Bank of England Museum Blog

March 23, 2021

Bank of England’s museum started a blog on 19-Feb-2021:

Our new blog explores our history and interesting objects from our collections. These informal posts takes you behind the scenes of our museum.

First post argued why BoE was formed:


Limiting Central Banking

March 2, 2021

From Moneyandbanking blog

Since 2007, and especially over the past year, actions of public officials have blurred the lines between monetary and fiscal policy almost beyond recognition. Central banks have expanded both the scope and scale of their interventions in unprecedented fashion. This fiscalization risks central bank independence, thereby weakening policymakers’ ability to deliver on their mandates for price and financial stability. In our view, to find a way to back to the pre-2008 division of responsibilities, officials must establish clearer limits on what central banks can and cannot do.


So, what should central banks do and not do?

First, it is fiscal authorities that ought to make the unavoidably political choices that directly influence resource allocation. Governments already have a myriad of institutions that do so. For example, the United States has government loan guarantee programs for housing, farm, small business, and student loans. Unelected central bankers should not control the scale and mix of programs like these. And governments should not conceal such fiscal actions on the balance sheet of the central bank. In a democracy, doing so lacks legitimacy and would become unsustainable.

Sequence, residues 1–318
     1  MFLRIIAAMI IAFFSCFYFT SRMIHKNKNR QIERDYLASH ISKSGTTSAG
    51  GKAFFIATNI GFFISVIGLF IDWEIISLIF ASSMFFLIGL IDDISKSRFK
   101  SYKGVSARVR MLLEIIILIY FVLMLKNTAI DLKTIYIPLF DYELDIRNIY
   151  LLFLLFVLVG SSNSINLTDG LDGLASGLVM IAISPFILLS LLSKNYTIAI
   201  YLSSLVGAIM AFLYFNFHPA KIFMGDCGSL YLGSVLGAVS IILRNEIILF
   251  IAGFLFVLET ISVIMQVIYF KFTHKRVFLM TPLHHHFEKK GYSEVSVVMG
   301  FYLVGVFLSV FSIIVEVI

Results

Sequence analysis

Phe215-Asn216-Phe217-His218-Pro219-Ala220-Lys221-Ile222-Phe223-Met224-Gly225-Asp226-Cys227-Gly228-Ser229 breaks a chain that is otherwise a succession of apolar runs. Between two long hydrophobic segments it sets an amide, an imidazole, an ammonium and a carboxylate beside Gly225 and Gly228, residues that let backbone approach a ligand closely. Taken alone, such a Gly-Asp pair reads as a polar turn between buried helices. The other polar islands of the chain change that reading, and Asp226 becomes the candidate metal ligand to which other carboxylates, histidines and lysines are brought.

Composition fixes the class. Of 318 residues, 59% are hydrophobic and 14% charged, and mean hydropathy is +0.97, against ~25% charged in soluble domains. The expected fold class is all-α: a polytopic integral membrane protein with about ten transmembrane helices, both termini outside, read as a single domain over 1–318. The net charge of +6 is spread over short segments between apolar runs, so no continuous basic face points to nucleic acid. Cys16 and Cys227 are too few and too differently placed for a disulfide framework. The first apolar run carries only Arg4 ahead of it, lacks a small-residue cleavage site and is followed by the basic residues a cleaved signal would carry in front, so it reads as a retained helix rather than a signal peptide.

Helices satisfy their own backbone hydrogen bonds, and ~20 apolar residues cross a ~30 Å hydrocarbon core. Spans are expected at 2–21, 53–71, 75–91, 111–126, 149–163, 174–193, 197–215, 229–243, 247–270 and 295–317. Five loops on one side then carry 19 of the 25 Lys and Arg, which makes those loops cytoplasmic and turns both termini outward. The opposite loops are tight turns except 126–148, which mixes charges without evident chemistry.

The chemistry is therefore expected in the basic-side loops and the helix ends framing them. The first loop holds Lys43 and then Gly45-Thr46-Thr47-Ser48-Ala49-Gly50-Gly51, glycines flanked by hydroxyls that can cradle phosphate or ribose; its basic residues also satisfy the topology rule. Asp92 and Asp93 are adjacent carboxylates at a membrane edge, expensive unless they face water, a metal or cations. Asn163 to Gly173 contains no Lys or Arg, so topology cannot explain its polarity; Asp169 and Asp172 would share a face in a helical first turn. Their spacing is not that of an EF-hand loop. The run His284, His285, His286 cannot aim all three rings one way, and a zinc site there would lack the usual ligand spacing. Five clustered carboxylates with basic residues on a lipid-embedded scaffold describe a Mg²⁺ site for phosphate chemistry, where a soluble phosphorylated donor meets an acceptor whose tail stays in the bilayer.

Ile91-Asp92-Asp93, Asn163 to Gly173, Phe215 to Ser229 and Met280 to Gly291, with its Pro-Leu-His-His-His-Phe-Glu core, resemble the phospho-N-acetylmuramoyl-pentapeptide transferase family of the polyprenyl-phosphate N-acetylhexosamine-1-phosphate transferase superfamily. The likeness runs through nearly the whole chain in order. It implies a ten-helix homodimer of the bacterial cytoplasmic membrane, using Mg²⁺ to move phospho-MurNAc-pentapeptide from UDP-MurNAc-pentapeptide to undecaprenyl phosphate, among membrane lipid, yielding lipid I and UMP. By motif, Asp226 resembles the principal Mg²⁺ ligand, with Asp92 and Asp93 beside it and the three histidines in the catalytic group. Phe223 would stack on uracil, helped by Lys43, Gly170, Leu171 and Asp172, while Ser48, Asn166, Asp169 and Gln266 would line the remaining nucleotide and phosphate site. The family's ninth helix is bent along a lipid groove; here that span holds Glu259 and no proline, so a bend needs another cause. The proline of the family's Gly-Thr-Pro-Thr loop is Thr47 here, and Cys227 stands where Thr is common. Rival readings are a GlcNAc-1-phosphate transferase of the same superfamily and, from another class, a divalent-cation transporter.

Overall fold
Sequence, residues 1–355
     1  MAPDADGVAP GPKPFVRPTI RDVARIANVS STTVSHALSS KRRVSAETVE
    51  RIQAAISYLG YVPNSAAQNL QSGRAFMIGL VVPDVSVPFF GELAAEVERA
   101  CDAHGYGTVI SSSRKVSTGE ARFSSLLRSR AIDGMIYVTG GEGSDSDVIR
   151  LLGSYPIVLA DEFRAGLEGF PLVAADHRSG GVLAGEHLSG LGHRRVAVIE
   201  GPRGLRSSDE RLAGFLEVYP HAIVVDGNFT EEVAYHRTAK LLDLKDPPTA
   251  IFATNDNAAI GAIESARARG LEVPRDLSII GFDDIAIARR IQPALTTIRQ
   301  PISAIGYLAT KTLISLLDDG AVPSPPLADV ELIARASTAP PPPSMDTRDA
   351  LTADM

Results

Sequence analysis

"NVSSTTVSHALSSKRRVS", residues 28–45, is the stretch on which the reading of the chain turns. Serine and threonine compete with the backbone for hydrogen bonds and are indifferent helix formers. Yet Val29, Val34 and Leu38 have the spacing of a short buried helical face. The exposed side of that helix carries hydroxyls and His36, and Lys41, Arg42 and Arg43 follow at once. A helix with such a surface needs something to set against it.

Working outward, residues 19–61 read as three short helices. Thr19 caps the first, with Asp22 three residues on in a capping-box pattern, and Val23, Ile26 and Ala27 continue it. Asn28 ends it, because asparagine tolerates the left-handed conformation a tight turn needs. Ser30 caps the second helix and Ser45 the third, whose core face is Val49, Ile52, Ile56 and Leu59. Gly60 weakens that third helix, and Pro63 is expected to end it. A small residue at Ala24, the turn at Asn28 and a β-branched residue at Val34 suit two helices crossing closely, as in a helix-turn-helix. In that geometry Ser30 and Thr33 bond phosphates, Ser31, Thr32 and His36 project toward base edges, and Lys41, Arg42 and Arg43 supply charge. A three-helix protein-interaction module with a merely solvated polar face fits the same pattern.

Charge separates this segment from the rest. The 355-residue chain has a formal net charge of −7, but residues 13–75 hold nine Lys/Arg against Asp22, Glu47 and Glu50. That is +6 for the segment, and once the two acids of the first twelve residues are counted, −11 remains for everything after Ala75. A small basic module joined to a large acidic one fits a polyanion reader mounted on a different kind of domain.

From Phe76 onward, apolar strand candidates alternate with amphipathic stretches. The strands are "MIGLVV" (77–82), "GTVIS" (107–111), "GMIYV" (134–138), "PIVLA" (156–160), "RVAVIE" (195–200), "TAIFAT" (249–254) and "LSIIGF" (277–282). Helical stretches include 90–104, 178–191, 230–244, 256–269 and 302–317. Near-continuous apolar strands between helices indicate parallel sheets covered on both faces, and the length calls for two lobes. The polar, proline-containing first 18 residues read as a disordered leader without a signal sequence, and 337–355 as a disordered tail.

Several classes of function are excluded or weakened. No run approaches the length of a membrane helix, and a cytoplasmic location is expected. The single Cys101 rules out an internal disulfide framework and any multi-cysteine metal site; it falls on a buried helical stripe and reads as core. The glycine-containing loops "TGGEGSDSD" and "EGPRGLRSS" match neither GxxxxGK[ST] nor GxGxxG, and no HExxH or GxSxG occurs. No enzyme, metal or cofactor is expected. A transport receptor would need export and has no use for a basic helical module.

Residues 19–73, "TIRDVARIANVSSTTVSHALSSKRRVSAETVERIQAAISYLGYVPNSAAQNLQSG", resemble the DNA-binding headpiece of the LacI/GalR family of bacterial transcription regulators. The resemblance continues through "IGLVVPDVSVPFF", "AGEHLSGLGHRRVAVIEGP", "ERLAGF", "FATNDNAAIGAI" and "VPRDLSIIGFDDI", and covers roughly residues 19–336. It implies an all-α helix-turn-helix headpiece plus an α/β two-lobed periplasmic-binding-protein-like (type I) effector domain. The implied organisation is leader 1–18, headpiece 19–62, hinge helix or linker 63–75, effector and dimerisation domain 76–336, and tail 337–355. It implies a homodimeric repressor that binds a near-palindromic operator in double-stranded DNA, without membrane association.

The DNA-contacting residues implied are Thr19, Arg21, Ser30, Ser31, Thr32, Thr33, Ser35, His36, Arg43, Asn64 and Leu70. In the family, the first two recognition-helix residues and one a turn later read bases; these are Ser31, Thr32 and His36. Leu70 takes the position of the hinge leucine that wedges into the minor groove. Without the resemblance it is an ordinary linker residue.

As Paul Tucker notes in his excellent book, Unelected Power, legitimacy requires that appointed technocrats not engage in activities that primarily address the distribution of resources within a society (see here). Tucker also highlights the need to concentrate central bank authority where (as a result of the problem of time consistency) only they can achieve policy success at relatively low cost. This means restoring (as soon as possible) the focus on the traditional goals of price and financial stability.

At this stage, to ensure that central banks can do what they are designed to do well, we need to impose clear boundaries on the scope of what they are authorized to do, limiting both what they can buy outright and to whom they can lend. Doing this requires a fine balance, as we need to make sure that policymakers can still aid in a crisis. But, it should not be easy for policymakers to evade the restrictions. Most of all, we need a system in which central bankers are not left feeling that they are the only game in town, so that when monetary policy hits the limits of its effectiveness, they are not obliged to act in quasi-fiscal ways that threaten their legitimacy.

In this (and in other ways), to be successful, their discretion must be constrained.

Negotiating Bank of England’s nationalisation

March 1, 2021